Stewart v The Marquis of Conyngham

Judgment Date16 April 1851
Date16 April 1851
CourtRolls Court (Ireland)




Martin v. CotterUNK 9 Ir. Eq. Rep. 351.

Burnell v. BrownENR 1 Jac. & W. 168.

Seaman v. Vawdrey 16 Ves. 390.

Barton v. Lord Downes Fl. & K. 505.

Larkin v. Lord RosseUNK 10 Ir. Eq. Rep. 70.

Lyddal v. WestonENR 2 Atk. 19.

Pope v. Garland 4 Y. & Col. Exch. 394.

Spunner v. WalshUNK 10 Ir. Eq. Rep. 386.

Mayor of Congleton v. PattisonENR 10 East, 130.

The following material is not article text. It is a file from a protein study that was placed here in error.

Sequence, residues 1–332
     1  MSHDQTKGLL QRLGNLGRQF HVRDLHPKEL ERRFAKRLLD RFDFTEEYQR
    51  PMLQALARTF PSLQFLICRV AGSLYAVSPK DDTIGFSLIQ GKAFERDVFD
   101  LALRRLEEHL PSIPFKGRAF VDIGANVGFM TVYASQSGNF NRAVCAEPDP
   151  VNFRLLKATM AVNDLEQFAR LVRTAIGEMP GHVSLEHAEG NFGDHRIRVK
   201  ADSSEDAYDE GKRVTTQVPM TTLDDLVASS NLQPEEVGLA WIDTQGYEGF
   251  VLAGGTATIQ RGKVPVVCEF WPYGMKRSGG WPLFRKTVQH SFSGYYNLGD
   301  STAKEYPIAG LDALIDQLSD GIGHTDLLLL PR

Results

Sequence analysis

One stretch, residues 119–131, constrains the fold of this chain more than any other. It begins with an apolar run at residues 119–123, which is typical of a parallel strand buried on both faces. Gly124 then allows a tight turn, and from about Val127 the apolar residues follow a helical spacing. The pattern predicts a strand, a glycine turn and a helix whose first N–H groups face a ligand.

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534 CHANCERY REPORTS. I 849. Rolls. STEWART v. June 6, 7. 20. THE MARQUIS OF CONY NGHAM. Dec. 1850. Jan. 29, 31. 1851. (In the Rolls.) Jan. 23. April 16. Letters patent, THE bill in this cause was filed for the specific performance of an under which ands sold by agreement for the sale of an estate called the Tyrcallen Estate. l private con_ The common interlocutory order of reference was made to the tract were held, contain- Master to inquire whether the plaintiff, the vendor, could make ed covenants by the grantee a good title to the estate, and if so, at what time he showed a -first, that he would place good title. The Master, by his report of the 3rd of May 1849, three free te nants of Eng- found the title good, and the purchaser took ten exceptions to the lish or British race, blood or report. name on the premises, each The facts of the case, the substance of the several exceptions, of whom should have and the principal arguments of the Counsel, are fully stated and fif acres, to or commented on in his Honour's judgment. onety free' nant, who should have one hundred acres for one life ; secondly, that he should have on the premises eight cullivers, or muskets, and a proper number of arms to arm eight pike-men for his defence against rebels, &c. ; thirdly, a proviso, that if he should demise any part of the premises to the mere Irish for any term exceeding forty-one years or three lives, or if he should demise the premises limited to be disposed of to any Bntish or English person, to any person being mere Irish, the Crown might reÂenter. The particulars of sale described the lands as a valuable fee-simple property, and one of the conditions of sale alluded to the letters patent. It appeared from a statute (10 Car. 1, secs. 3, c. 3,), and certain public documents therein referred to, that the covenants were those inserted in patents at the plantation of Ulster, where the lands were situate. Held, that the purchaser, having express notice of the letters patent, was bound by constructive notice of the covenants contained in them. Held also, that the first and third covenants were no longer in force, every subject of the Crown since the Union being a person of British race, name and blood, and there being no person now answering the description of mere Irish. Seruble-The second covenant could not be now enforced by the Crown. By marriage articles the husband agreed to settle out of the lands of K., in failÂure of A his daughter by a former marriage, a jointure on his intended wife, the remainder of the lands on the issue male begotten on the wife ; and in failure of issue male, on the issue female ; and in case A should survive, and the lands of K. should not be made good, that then the lands of K., which were not settled on the former marriage, should be subject to the jointure, and be settled on the eldest son of the marriage, and in failure of the said son, on the daughters of the said marriage. There was no male issue of the marriage, but female issue, B, C and D.-Held, that the lands of K. should be settled on them as tenants in common in tail. No settlement was executed, and the lands descended to A, B, C and D, subject CHANCERY REPORTS. 535 Mr. Hamilton Smythe and Mr. F. A. Fitzgerald, in support of 1849. Rolls. the exceptions. STE WART v. MARQUIS OF Mr. R. R. Warren and Mr. Christian, for the report. CONYNGHAM. Argument. The following authorities were cited upon the second, third and fourth exceptions :-Martin v. Cotter (a) ; Burnell v. Brown (b); Seaman v. Vawdrey (e); Barton v. Lord Downes (d) ; Larkin v. Lord Rosse (e); Lyddal v. Weston (f) ; Pope v. Garland (g) ; Spunner v. Walsh (h); Mayor of Congleton v. Pattison (i); Bristow v. Wood (h); Vaughan v. Magill (l); Walter v. Maunde (m); (a) 9 Ir. Eq. Rep. 351. (c) 16 Yes. 390. (e) 10 Is. Eq. Rep. 70. (g) 4 Y. & Col. Exch. 394. (i) 10 East, 130. (1) 12 Ir. Eq. Rep. 200, 207. (b) 1 Jac. & W. 168. (d) Fl. & K. 505. (f) 2 Atk. 19. (h) 10 Ir. Eq. Rep. 386. (k) 1 Col. 480. (m) 1 Jac. & W. 181. to the trusts of the articles in 1763, when B, C and D went into possession. In 1783 they levied a fine, and conveyed to a purchaser for value, and covenanted that they were seised in fee. There were several subsequent conveyances for value. In 1847 the lands were contracted to be sold.-Held, in a suit for specific performance against the purchaser, that the legal title of A and her heirs to one-fourth of the lands was barred by the Statute of Limitations, as a Court of Law would not notice the executory trusts of the articles, and the several conveyances operated as dis•seisins. Semble-The equitable title of the heir of A, on failure of issue of B, C and D, was also barred ; but Held, that as a fine created no discontinuance in equity, the title was too doubtful to he forced on the purchaser. A conveyance of all her estate, &c., was obtained from the devisee of the heir-atÂlaw of A, and was held to put an end to the objection; for although the reversion belonged to the heir of the settlor, he must trace title through the daughters, and all their right was extinguished by this conveyance and the fine. A recovery was suffered by a tenant for life, and remainderman in tail in 1781. The record stated that the tenant to the proecipe called to warranty the tenant for life, who appeared by his attorney, and warranted the tenant in tail, who appeared in perÂson.-Held, that the recovery was valid, though the record did not state a summons to warranty, nor a warrant of attorney to authorise the appearance for the tenant for life. After exceptions allowed to the Master's report of good title in a suit for specific performance, the practice is riot to discharge the purchaser, but at the request of the plaintiff to refer it back to the Master to review his report, and to inquire wheÂther a good title can be made to the lands. A purchaser relied on the memorial of a deed as creating an objection to the title, and succeeded on an exception founded on it :-Held, that he could not afterwards object that the deed itself was not produced, although there was no condition of sale to dispense with its production. The particulars of sale stated that the timber on the estate would be included in the purchase. Title was not made out to the timber on a very small portion of the lands. There being no misrepresentation, the Court referred it to the Master to inquire whether the timber on that portion was material to the...